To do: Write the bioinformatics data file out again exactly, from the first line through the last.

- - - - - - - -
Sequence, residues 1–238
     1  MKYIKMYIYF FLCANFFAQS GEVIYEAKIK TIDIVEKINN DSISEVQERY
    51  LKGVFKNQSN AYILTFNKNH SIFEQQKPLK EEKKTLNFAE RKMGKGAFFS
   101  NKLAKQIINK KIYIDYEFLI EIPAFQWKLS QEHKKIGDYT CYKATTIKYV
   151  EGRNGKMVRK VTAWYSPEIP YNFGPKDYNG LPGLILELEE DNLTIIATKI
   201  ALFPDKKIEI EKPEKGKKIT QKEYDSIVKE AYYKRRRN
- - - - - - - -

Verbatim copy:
Sequence, residues 1–238
     1  MKYIKMYIYF FLCANFFAQS GEVIYEAKIK TIDIVEKINN DSISEVQERY
    51  LKGVFKNQSN AYILTFNKNH SIFEQQKPLK EEKKTLNFAE RKMGKGAFFS
   101  NKLAKQIINK KIYIDYEFLI EIPAFQWKLS QEHKKIGDYT CYKATTIKYV
   151  EGRNGKMVRK VTAWYSPEIP YNFGPKDYNG LPGLILELEE DNLTIIATKI
   201  ALFPDKKIEI EKPEKGKKIT QKEYDSIVKE AYYKRRRN